Rayleigh Wave Theory: Gate Excitation Mechanism

Rayleigh Wave Theory: Gate Excitation Mechanism

DOI: 10.4018/978-1-5225-3079-4.ch004
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Abstract

In this chapter, the mechanism for generating fluctuating reservoir pressures will be explored. The generation of surface waves and fluctuating pressures in the upstream reservoir due to gate motion will be examined. The energy input into surface waves is dissipated, or dispersed, as the waves travel away from the structure. These waves are called dispersive waves. In this chapter, the mathematical description of these dispersive waves will be developed. Streamwise vibration will always produce a periodic fluctuation of the reservoir depth, thereby inducing dispersive water waves on the free surface. In addition, both the streamwise bending vibrations and the vertical vibrations of the gate can potentially produce flow rate variation beneath the gate resulting in fluctuating reservoir depth, and inducing dispersive waves on the free surface. The theoretical framework for coupling discharge fluctuations and dispersive waves with gate vibration to supply energy to the gate motion will be developed.
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Introduction

For hydraulic gates with free discharge and limited streamwise extent of the gate lip, viscous effects are usually negligible. In such cases, the dynamic forces acting on the gate are substantially due to pressure fluctuations in the upstream reservoir. In this chapter, the mechanism for generating fluctuating reservoir pressures will be explored.

Vibrating structures piercing the free surface of a fluid can induce surface waves that travel outward from the structure and carry energy away from the structure. The energy input into these waves is dissipated, or dispersed, as the waves travel away from the structure. These waves are called dispersive waves. In this chapter, the mathematical description of these dispersive waves will be developed.

Dispersive water waves emanating from a vibrating gate are shown in Figures 1 and 2. The Tainter gate, shown in Figure 1, is suspended on wire cables, which are elastic and play the role of a spring, permitting vibration of the whole gate as a rigid body around the trunnion pin center. The skinplate is sufficiently large and thin to undergo streamwise bending vibration with nodes on each spanwise side.

The long-span gate, shown in Figure 2, can also undergo streamwise bending vibration due to its limited streamwise thickness and its elasticity. It can also vibrate in the normal direction (up-and-down vibration), due both to the gate elasticity and to the spring effect of its wire suspension cables.

The whole gate vibration around the trunnion pin of the Tainter gate and, similarly, the up-and-down vibration of the long-span gate each cause a variation in the flow rate (also variously called ‘fluctuating discharge,’ ‘discharge fluctuation,’ or ‘discharge variation’) beneath the gate. When the long-span gate is inclined toward the downstream direction, or when the angle between the tangent to the Tainter gate skinplate and the gate crest tangent is less than 90°, the streamwise bending vibration of the gate also results in flow rate variation beneath the gate. Depending on the inclination of the skinplate or long-span gate, streamwise gate bending can result in a larger gate opening in the center of the channel, resulting in a discharge that varies with the streamwise motion of the gate.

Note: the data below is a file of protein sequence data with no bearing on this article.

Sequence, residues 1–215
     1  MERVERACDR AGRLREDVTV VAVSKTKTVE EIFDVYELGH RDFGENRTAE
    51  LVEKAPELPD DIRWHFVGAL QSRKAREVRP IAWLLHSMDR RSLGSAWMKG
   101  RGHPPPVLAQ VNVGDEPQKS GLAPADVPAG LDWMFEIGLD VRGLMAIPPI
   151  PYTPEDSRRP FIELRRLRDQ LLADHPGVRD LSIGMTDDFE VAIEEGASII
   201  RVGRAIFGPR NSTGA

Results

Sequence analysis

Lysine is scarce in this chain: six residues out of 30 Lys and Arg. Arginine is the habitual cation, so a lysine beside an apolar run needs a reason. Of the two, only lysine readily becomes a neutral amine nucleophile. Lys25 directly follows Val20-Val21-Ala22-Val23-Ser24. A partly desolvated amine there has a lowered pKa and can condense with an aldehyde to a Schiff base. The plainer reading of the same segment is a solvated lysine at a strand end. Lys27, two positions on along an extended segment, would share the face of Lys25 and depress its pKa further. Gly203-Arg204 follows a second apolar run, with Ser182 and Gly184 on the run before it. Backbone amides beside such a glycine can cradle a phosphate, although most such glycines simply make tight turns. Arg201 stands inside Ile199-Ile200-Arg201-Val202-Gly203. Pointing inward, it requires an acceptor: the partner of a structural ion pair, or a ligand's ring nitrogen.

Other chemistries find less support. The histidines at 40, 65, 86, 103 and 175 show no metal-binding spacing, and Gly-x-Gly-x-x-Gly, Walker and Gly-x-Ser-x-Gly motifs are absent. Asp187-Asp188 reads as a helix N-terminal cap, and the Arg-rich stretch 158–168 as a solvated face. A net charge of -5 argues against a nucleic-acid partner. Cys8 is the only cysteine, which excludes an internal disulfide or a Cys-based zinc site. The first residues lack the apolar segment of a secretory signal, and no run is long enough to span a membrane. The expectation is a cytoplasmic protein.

Figure 1.

Dispersive water waves can be generated by both normal (up-and-down) and streamwise vibrations of a Tainter gate on a dam crest with flow from right to left

Figure 2.

Dispersive water waves generated by normal (up-and-down) and streamwise vibrations of a long-span gate with flow from right to left

The flow rate variation beneath the gate produces a fluctuation in the reservoir depth, and induces upstream propagating dispersive waves on the free surface. A similar argument can be made for streamwise gate vibrations, which may produce discharge fluctuations beneath the gate depending on the gate orientation relative to the crest. However, in addition, streamwise vibration will always produce a periodic fluctuation of the reservoir depth, due to the push-and-draw effect of the gate against the backwater, thereby inducing dispersive water waves on the free surface.

For thin long-span plates and thin Tainter gate skinplates, the reservoir flow field is independent of shed vortices; other viscous effects are sufficiently small to neglect. The fluctuating reservoir free surface due to small amplitude vibration of a gate can be considered, to a very good approximation, an inviscid flow to be analyzed with potential flow theory. However, in order to predict the dispersive nature of the water waves resulting from the damping effect of the fluid viscosity, the potential theory needs a certain modification to represent the damping effect.

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